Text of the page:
Sunday, October 09, 2011

Taking the midnight train

It was one of those I-am-going-to-spend-some-time-with-me moments. Having had a Starbucks mushroom struddel and creme brulee macchiato with a window view I took to exploring this town at midnight.

Satok market was still bustling as I turned the corner from Keretapi. I was tempted to stop by to look for dabai but it never stops at one. If I had pulled over, my stomach would certainly have returned home carrying memories of kuih lapis, lekor, ayam panggang, deep fried gizzard, bishop's nose and liver, apam balik, satay, kuih batik AND dabai if I could find any. Crispy fish and lush chips with tangy onion dripping wrapped in a paper bag in the middle of winter would be the London equivalent.

Heading across the Satok bridge I remember that there used to be a pedestrian bridge running parallel to the tarred road but no longer. There also used to be an arena where a round of tibow awaited those game enough to try but these days we hear more of Rempit than Rentap.

As I drove through Petra Jaya I wondered if the old trees that lined the road, providing shade in the day and fancy at night, made even more romantic by lit up spotlights of orange and white and green would soon disappear as their Airport Road counterparts did under the axe and tractor. What are we willing to risk losing in the name of progress? What dare we hold on to in order to step forward?

Passing by the State library I remember the night when Wizard of Oz played on an outdoor screen under the stars; 1Sarawak sitting on a carpet of mozaic with vendors selling burgers and buttered sweetcorn on the side. I remember being grateful that the essence of community is still alive.

Perhaps it is down to poor memory but I don't recall seeing KL roads lit up with emblems the way Kuching does it. Bulbs of red, green and yellow line the streets taking forms of hibiscuses, Iban shields, a hunter with a blowpipe, Diwali lamps, crescents, stars and ketupats. Should more trees be mown to make way for infrastructure, the varying images hanging just under the streetlamp's orange glow is a definite poignant way to acknowledge that just as trees grew where posts now stand, our community was not created by policy or mandate but is natural and alive, vibrant and growing.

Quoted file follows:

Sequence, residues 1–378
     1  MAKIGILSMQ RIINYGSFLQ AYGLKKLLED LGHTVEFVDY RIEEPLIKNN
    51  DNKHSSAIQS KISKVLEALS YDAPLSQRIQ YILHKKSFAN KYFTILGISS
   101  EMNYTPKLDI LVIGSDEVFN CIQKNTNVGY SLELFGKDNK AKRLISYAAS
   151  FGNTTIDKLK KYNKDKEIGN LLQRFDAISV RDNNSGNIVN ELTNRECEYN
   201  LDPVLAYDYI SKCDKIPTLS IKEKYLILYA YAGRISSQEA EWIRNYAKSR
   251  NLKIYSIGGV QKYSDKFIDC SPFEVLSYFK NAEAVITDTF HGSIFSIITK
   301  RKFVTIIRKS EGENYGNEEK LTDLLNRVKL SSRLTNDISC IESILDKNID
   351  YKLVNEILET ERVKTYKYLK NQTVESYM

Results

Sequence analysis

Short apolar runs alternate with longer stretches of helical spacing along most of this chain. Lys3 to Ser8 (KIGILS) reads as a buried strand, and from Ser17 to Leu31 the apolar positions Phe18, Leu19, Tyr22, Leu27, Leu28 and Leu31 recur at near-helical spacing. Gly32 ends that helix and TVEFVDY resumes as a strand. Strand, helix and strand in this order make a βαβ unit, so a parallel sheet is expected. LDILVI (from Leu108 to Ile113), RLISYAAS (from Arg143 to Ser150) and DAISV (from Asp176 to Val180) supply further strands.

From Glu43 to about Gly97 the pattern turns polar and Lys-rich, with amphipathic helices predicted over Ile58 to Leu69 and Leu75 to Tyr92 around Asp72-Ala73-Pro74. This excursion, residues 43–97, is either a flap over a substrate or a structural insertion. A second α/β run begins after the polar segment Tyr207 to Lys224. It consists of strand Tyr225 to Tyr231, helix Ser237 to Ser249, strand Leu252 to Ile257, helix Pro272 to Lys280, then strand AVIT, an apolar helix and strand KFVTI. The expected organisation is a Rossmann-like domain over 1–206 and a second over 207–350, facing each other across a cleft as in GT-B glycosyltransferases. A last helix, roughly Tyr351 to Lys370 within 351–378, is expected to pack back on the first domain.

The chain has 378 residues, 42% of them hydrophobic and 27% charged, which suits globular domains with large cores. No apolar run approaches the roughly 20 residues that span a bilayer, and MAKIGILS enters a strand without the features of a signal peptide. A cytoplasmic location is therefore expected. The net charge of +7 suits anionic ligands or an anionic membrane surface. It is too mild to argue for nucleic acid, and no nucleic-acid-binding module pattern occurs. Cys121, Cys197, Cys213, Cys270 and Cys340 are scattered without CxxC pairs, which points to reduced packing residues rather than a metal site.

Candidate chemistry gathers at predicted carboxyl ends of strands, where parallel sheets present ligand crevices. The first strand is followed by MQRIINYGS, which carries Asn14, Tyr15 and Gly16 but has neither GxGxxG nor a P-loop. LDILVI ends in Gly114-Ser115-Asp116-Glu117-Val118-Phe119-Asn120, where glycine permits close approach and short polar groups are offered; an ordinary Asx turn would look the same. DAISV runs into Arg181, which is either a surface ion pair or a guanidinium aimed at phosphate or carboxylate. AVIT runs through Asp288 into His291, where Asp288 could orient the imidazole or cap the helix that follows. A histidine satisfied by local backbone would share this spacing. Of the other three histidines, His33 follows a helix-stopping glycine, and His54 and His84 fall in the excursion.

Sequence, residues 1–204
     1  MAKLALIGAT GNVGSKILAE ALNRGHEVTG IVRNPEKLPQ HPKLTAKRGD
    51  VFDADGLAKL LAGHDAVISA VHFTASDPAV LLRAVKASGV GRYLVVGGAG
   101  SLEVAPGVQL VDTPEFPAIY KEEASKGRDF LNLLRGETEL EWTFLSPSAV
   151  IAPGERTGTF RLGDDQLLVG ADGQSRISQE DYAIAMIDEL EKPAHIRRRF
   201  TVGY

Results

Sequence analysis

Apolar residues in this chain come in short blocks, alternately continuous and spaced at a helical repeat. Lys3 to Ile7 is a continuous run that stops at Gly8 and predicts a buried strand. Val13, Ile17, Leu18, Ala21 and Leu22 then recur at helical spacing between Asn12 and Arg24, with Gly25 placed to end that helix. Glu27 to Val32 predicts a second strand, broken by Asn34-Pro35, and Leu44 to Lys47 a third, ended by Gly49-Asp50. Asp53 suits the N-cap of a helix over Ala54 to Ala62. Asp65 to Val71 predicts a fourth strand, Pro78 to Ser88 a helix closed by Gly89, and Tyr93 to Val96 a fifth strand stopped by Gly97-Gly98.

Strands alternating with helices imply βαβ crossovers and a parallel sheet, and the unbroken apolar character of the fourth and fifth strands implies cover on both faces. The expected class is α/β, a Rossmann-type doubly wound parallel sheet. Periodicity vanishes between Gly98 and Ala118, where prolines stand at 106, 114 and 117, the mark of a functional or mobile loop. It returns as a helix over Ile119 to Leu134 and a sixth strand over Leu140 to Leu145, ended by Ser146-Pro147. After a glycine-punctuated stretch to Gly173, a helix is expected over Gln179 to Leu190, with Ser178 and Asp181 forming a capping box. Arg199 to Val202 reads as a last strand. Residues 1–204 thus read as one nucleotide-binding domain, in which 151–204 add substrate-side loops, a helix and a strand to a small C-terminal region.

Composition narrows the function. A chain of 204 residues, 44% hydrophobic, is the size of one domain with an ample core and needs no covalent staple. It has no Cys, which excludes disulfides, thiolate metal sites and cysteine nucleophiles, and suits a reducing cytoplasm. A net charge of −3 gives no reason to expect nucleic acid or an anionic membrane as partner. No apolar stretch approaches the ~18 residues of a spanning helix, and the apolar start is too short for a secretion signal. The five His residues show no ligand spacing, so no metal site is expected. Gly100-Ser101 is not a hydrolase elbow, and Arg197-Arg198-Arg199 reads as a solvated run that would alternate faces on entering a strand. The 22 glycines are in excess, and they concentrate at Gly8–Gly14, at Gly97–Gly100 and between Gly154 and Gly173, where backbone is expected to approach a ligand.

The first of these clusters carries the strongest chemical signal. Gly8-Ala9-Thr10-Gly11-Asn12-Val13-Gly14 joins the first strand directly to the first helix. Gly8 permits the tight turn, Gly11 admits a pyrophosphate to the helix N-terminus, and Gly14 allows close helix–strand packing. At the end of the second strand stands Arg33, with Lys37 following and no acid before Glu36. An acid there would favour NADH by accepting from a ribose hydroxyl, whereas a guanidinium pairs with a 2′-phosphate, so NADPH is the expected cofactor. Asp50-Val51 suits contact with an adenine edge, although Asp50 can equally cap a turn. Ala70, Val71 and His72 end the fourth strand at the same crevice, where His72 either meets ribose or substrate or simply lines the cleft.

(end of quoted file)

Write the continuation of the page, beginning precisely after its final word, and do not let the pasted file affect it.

It was definitely good to know that at midnight mamak shops near the Indian mosque in town were still open as was Open Air by Electra house. No talk of sio bee being too close to the nasi lemak there! The busy view across river from Gambier Street littered with shimmery bunga manggar around the Astana also told me that the nasi kerabu lady was still going strong. I have not quite been able to find pizza that I like as much as Tom's minced beef pizza which used to be by the playground at Waterfront. Pizza has not quite been the same experience since they closed down/moved. Down Abell Road both Raja Ayam and Shore were piping hot for business. A growl from below told me I hadn't had roti boom (yes "boom!") with chicken and cheese in a while.

The road home was otherwise uneventful although it is no secret that if Kuching roads carry on the way they do, we would have a smoother journey travelling by buffalo, horse or ostrich. I suppose you could say it was a good night.

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